listview component on to the design surface and in the properties pane, make it docked to the top. Drag a splitter and dock it to the top as well. Docking the splitter to the top will cause it to change the
listview height. Drag an htmlbox and change it's docking to fill. Add the list view two columns for the file name and the file extension. Now you have the UI part of this tutorial ready.
Step 3 - Populating the Listview
Go to the form properties and change to event view. Double click the Load event handler and the designer will create for you an empty event handler. Add the code below to the handler that will populate the
listview with file list from a given path. Update the path to a valid path with GIF images on your computer. Notice that the code generates list items and in the Tag property set the full path of the file.
private void Form1_Load(object sender, System.EventArgs e)
DirectoryInfo objDir = new DirectoryInfo(@"C:\Inetpub\wwwroot\images");
foreach(FileInfo objFile in objDir.GetFiles("*.gif"))
ListViewItem item = listView1.Items.Add(objFile.Name);
item.Tag = objFile.FullName;
Step 4 - Creating a Gateway Handler
A gateway handler is actually a class that inherits from
IGatewayHandler, which has one method called
ProcessGatewayRequest method handles the request just as an
IHTTPHanlder inherited class. In the
ProcessGatewayRequest method, you can actually write anything you want into the response and in this case, the handler takes the path it got in the constructor and writes that file to the response. Create this class in your project.
public class FileHandler : IGatewayHandler
private string _path;
public FileHandler(string path)
_path = path;
#region IGatewayHandler Members
public void ProcessGatewayRequest
(IContext objContext, IRegisteredComponent objComponent)
Step 5 - Creating a Gateway
In order to use gateways, you need to have a control inherit the
IGatewayControl interface which is under the namespace
Gizmox.WebGUI.Common.Interfaces. A single control can expose multiple gateways. The control gateways are identified by an action code. The action code serves as a page name allowing gateways to be referenced by name. In order to reference to a gateway, you need to create a
GatewayReference can be constructed using a component and an action code that together will provide a unique gateway reference. So let's go ahead and make our form a gateway by implementing the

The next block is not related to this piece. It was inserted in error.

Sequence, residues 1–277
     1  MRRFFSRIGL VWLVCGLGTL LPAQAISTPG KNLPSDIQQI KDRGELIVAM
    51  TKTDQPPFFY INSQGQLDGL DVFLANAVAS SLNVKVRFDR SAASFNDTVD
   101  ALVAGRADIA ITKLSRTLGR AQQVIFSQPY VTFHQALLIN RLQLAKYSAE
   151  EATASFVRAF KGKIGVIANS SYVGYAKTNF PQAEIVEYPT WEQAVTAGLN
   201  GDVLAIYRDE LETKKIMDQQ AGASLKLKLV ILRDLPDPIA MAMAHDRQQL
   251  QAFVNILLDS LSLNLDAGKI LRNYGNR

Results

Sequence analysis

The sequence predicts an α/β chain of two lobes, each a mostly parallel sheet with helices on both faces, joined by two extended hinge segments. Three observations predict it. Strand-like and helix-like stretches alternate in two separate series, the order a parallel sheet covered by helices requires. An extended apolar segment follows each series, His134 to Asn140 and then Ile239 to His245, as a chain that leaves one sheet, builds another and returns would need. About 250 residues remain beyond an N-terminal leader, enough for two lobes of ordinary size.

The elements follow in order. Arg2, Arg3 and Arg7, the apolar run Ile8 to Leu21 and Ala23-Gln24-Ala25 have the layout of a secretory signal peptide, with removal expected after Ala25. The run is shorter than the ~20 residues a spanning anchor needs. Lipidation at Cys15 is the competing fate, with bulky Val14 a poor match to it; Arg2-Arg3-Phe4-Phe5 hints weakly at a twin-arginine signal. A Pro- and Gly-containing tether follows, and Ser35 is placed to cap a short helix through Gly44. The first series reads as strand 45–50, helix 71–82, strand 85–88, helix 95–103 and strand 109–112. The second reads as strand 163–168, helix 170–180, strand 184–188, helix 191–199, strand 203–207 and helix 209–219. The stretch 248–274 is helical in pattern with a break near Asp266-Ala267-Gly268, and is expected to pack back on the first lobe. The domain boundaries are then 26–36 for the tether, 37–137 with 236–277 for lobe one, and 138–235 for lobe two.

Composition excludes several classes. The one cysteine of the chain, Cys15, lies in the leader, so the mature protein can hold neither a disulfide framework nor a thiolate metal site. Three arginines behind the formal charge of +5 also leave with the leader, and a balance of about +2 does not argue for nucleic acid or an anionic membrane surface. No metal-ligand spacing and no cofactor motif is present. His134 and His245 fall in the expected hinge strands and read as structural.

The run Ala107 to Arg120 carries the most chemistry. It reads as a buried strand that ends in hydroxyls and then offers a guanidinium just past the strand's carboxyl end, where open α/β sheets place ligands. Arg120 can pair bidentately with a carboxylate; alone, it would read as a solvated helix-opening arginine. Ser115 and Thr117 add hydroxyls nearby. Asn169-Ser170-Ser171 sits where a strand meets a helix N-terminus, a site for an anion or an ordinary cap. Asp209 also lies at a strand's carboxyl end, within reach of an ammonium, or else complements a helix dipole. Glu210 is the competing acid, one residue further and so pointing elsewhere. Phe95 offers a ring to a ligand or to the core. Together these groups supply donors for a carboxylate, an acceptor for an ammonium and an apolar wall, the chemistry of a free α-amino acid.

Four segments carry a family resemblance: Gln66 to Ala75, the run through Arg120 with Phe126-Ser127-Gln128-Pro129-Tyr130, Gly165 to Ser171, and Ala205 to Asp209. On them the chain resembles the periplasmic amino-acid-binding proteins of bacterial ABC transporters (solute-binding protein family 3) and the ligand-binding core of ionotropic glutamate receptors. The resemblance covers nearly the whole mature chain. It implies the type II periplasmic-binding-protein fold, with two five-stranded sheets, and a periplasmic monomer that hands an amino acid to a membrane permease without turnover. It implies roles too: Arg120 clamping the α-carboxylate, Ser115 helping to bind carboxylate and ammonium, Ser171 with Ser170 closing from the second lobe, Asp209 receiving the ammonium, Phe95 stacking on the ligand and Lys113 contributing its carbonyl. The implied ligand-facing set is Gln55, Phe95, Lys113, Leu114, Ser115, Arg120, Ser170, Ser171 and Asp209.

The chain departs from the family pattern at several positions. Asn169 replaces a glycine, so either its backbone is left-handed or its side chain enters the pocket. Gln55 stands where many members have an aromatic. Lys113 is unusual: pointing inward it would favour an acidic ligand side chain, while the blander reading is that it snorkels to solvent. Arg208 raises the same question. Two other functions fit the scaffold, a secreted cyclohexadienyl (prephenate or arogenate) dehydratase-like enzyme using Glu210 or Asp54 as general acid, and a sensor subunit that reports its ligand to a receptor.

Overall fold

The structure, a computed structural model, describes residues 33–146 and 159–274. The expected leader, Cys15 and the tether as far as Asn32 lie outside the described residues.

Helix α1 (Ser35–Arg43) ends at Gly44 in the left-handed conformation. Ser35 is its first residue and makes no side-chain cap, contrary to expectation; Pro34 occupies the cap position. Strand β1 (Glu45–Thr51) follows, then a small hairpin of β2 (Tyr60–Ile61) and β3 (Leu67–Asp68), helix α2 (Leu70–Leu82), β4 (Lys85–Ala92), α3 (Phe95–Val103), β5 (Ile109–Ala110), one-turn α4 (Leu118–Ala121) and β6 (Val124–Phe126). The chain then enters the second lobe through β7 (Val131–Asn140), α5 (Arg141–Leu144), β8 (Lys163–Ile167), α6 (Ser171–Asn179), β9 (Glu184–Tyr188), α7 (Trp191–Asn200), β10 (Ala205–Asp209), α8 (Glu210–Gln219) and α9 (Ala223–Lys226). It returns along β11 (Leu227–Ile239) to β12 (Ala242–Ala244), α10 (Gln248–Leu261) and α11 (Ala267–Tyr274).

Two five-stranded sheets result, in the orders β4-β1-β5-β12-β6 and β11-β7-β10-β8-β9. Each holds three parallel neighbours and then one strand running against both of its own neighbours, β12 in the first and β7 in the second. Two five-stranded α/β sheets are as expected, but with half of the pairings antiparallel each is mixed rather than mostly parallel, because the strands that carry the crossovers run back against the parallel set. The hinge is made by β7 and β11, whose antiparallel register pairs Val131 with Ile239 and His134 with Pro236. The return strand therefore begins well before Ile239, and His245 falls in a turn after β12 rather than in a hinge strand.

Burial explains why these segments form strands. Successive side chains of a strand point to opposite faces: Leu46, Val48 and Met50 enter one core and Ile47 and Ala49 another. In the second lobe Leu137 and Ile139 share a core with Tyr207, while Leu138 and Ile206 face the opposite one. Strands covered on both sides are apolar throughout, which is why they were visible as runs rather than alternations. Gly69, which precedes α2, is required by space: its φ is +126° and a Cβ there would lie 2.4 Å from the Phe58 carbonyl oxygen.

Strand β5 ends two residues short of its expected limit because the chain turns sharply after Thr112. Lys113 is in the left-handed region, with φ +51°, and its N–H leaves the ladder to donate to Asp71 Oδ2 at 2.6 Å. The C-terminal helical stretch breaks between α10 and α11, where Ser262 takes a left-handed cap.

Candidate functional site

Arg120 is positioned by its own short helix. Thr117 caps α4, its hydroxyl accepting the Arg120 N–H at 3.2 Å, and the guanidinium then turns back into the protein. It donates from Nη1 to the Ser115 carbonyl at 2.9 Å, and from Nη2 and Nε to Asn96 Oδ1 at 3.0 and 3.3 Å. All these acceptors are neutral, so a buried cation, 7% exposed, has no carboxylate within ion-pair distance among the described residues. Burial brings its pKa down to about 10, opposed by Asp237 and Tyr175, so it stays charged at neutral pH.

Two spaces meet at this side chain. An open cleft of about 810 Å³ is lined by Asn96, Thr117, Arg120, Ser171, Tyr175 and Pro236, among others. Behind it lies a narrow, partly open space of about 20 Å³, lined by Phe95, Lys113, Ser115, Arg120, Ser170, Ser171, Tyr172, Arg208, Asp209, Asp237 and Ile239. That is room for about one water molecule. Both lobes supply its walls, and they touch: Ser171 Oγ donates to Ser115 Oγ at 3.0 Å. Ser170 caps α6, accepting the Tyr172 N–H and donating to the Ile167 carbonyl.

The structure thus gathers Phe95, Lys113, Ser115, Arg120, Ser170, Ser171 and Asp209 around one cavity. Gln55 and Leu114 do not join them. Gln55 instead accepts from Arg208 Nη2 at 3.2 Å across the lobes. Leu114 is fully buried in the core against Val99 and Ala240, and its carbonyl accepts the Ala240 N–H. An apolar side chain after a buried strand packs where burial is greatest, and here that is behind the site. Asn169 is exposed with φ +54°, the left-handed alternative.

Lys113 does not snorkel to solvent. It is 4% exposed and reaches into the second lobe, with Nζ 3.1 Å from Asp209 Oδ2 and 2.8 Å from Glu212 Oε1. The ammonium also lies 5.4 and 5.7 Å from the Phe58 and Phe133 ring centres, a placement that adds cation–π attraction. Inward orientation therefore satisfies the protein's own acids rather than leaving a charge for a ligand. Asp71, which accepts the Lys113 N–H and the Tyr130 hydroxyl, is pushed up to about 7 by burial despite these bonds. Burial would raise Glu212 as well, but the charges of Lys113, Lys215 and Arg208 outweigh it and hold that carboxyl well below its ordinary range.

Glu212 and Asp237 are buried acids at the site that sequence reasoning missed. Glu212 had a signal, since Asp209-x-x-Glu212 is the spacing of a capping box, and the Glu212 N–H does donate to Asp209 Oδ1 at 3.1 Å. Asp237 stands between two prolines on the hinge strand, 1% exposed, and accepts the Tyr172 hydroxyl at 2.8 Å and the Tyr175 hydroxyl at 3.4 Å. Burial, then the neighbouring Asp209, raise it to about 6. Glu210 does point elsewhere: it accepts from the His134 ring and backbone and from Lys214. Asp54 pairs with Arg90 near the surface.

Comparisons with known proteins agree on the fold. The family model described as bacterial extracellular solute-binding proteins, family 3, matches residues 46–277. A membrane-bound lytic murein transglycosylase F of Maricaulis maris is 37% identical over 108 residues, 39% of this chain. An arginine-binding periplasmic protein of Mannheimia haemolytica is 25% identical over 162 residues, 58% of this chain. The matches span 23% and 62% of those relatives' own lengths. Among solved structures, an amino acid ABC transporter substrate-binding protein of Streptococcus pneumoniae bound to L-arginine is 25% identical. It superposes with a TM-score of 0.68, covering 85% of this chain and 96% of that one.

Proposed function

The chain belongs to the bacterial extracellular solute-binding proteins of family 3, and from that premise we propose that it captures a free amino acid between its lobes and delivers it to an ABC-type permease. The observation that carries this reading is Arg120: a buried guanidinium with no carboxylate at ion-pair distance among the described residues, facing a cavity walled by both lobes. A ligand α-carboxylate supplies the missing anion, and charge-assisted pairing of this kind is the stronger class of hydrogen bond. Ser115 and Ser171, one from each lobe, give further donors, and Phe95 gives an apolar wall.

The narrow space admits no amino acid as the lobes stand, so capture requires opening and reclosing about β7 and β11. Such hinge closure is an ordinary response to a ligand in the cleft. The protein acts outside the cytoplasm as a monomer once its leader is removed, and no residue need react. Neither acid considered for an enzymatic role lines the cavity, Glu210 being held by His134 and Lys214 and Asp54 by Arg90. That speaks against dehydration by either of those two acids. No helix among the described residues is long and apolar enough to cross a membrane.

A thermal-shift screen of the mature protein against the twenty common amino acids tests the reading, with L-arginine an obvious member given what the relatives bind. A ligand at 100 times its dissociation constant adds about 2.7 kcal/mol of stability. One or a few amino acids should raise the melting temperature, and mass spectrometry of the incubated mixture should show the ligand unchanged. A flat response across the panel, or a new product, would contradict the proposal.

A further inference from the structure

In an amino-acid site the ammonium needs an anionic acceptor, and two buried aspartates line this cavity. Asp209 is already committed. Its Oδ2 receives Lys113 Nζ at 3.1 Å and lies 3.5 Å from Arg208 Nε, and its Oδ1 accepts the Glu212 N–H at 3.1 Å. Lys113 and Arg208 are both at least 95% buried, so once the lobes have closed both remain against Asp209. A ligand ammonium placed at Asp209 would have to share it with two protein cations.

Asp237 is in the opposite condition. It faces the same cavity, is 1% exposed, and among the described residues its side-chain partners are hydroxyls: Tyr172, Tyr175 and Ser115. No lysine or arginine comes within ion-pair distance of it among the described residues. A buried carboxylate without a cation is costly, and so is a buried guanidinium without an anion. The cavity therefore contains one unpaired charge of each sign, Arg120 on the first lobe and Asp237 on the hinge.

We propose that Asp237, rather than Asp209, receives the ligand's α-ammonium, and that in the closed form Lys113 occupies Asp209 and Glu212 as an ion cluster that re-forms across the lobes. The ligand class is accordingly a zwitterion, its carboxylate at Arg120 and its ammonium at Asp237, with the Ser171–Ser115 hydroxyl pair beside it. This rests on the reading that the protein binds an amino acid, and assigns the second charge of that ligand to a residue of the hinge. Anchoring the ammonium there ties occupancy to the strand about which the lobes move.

IGatewayControl interface. The
IGatewayControl has one method called
GetGatewayHandler that has an action argument. Using the action parameter, we can return different gateway handlers for different actions. So let's go and use the gateway handler we created before on an action named "
OpenFile". Notice that in the path constructor, we use the current selected item Tag property to get the path of the selected file.
public IGatewayHandler GetGatewayHandler(IContext objContext, string strAction)
IGatewayHandler handler = null;
handler = new FileHandler((string)listView1.SelectedItem.Tag);
Step 6 - Using the Gateway
Go back to the designer and select the
listview control. From the properties of the list view, go to the event section and double click the
SelectedIndexChanged event. In the
SelectedIndexChanged event handler, let's create a
GatewayReference object that can be found in the
Gizmox.WebGUI.Common.Gateways namespace. Pass the constructor of the
GatewayReference a reference to the form control and specify the action code of the gateway. When calling upon the
ToString method of the
GatewayReference class, we get a relative path to the specified gateway. Use the relative path to set the htmlbox to show the current gateway. Calling the
Update method on the
HtmlBox will cause it to reload the control.
private void listView1_SelectedIndexChanged(object sender, System.EventArgs e)
GatewayReference reference = new GatewayReference(this,"OpenFile");
htmlBox1.Url = reference.ToString();
As you can see from this example, gateways extend the
WinForms object and bridge the environment differences. Using gateways come in handy in places that traditional web development concepts are required and can be used in order to provide interoperability between legacy resources and Visual WebGui. For an example, a third party control that was designed for ASP.NET can easily be used through the use of a gateway, but that's for another tutorial.